Scientists killed cancer cells in a lab using a compound found in cannabis.
Like most plants, cannabis contains chemical substances called flavonoids. Researchers from Harvard’s Dana-Farber Cancer Institute found that a specific cannabis flavonoid, FBL-03G, demonstrated “significant therapy potential” in treating pancreatic cancer.
In a lab experiment, researchers found FBL-03G was effective at killing both local and metastatic pancreatic cancer cells. The findings were published in the journal Frontiers on Oncology in July 2019.
“The most significant conclusion is that tumor-targeted delivery of flavonoids, derived from cannabis, enabled both local and metastatic tumor cell kill, significant increasing survival from pancreatic cancer,” Assistant Professor Wilfred Ngwa, PhD told Yahoo Lifestyle. “This has major significance, given that pancreatic cancer is particularly refractory to current therapies.”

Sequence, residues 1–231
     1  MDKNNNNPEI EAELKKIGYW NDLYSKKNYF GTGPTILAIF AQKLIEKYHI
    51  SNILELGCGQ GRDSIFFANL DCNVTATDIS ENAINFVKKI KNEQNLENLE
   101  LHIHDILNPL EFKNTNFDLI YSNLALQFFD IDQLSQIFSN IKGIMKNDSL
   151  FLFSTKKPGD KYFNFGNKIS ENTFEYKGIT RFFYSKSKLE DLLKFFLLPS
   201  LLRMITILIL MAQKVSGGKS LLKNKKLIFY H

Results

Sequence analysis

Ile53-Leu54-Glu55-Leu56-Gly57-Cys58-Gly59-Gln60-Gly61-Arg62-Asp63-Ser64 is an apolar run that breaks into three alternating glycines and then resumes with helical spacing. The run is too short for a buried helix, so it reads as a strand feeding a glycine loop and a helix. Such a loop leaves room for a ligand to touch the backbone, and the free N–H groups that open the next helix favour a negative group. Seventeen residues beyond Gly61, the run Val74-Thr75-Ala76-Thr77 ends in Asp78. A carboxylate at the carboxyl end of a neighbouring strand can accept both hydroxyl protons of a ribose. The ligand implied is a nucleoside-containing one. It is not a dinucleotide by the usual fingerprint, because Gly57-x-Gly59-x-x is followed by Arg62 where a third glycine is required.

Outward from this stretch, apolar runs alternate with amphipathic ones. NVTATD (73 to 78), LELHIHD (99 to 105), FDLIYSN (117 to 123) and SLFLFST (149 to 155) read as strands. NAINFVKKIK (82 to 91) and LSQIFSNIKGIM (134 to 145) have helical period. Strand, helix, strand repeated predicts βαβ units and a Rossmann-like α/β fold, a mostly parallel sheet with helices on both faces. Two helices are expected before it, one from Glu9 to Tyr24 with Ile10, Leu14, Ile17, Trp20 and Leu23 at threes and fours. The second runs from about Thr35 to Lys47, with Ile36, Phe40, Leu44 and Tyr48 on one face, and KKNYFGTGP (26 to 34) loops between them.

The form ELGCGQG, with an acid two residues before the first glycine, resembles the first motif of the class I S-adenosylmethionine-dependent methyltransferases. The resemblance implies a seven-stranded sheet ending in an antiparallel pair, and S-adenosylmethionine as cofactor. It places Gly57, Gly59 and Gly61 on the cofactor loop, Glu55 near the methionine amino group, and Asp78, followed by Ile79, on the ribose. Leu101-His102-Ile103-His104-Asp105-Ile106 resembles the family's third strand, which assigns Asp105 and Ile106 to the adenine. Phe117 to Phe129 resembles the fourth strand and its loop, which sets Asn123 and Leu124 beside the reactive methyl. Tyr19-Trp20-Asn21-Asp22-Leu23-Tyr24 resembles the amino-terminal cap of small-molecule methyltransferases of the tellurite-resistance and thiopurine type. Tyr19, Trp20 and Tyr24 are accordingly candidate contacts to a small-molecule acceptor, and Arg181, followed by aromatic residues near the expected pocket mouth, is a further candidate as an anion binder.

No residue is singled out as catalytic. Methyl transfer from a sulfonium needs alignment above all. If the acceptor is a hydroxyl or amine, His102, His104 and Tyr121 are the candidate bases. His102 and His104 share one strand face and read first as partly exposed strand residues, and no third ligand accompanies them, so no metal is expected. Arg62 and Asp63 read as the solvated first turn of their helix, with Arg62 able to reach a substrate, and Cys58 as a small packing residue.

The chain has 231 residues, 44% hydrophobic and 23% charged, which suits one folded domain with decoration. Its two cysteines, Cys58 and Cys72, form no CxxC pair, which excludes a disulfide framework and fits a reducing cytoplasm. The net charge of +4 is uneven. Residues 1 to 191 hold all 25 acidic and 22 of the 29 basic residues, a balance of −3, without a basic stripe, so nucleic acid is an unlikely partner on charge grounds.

Pancreatic cancer makes up approximately 3% of all cancer diagnosed in the U.S. It has a five-year survival rate of 9% and is predicted to be the third-leading cause of cancer-related death by 2020.